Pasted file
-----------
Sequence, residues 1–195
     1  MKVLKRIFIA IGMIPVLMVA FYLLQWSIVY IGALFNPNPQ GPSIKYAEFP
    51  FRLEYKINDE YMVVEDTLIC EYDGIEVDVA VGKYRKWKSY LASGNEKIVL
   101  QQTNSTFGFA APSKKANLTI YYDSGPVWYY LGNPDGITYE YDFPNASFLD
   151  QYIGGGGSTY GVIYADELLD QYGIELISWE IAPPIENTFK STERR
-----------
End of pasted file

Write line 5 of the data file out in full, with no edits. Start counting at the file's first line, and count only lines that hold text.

   151  QYIGGGGSTY GVIYADELLD QYGIELISWE IAPPIENTFK STERR